In History lies all the secrets of statecraft. More information on the programme of study at each Key Stage can be obtained by contacting a member of staff. The History Department's aim is to equip students with the skills of analysis, a sense of reasoned judgement and independent research through active and fun learning.
Free Essays Must Be Free! TM Gcse History Coursework First World War Essay While the free essays can give you inspiration for writing, they cannot be used 'as is' because they will not meet your assignment's requirements.
Waste no more time! Before World War One began in certain European nations had entered into many alliances to protect themselves from eachother. The countries created alliances between themselves to motivate their defence which would bring the mighty armies together in case of war.
Germany formed an alliance with Austria, Hungary and italy which was known as the triple alliance. But Great Britain formed an alliance with Russia and France called the triple entente. This powerful alliance would certainly be recognised through other alliances and caused tension between Germany and Great Britain.
This alliance drew the lines for the war that would follow in Here is a map of where the Battles of the Somme took place: The battle, however, was costly: Allied troops sustained aboutcasualties, two-thirds of them British, and the Germans aboutOn the first day alone an estimated 60, soldiers were killed or wounded in battle and this tally increased to almost two million soldiers killed at the end of the battle with only square miles of mud and rubble.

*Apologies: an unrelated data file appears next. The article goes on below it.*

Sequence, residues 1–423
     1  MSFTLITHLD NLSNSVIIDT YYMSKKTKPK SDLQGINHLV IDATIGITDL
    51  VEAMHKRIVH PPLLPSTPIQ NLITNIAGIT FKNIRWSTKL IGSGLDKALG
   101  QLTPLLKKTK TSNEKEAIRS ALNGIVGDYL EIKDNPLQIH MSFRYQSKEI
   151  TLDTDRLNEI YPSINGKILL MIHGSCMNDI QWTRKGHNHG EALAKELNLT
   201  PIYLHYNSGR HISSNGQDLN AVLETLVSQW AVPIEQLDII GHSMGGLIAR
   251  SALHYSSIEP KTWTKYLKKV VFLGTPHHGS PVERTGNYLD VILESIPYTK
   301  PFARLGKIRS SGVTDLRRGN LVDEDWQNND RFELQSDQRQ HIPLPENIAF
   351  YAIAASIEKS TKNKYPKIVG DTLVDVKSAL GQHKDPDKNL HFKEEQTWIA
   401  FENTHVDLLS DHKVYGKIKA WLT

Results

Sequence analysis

This unbelievable amount of deaths caused uproar inside the army ranks and the contemparies wanted to find out how such a huge disaster could take place in such a short space of time.
They wanted somebody to blame for this and so they put most of the blame on the new armies and we will look at all the evidence to conclude whether or not they were correct in doing this. The First World War included many new techniquesweapons and aspects of war which the British armies seemed to be totally unaware of.
By Autumn both sides began to dig trenches to protect their armies during the winter as it was dangerous to fight a pitched battle in the Winter.
The Generals thought that they would return to open warfare in the Spring but they were wrong. Once a trench was built it was difficult to break through and all attempts by the soldiers attacking the Germans resulted in numbers of dead and wounded soldiers.
One soldier who fought in these conditions said: Our trench warfare seemed based on the concept that we would not be stopping for long. The result was what we lived in. Trench warfare made it increasingly difficult for the opposition to attack and a more suitable option was to keep defending and then launch a counter attack.
Allied bombardment was supposed to destroy German guns and create huge holes in the enemy barbed wire. The German troops had prepared deep concrete dugouts ten metres underground and were able to survive the heavy allied bombardment. The First World War also saw the introduction of a new weapon which the Germans put to use killing hundreds of thousands of soldiers, the machine gun.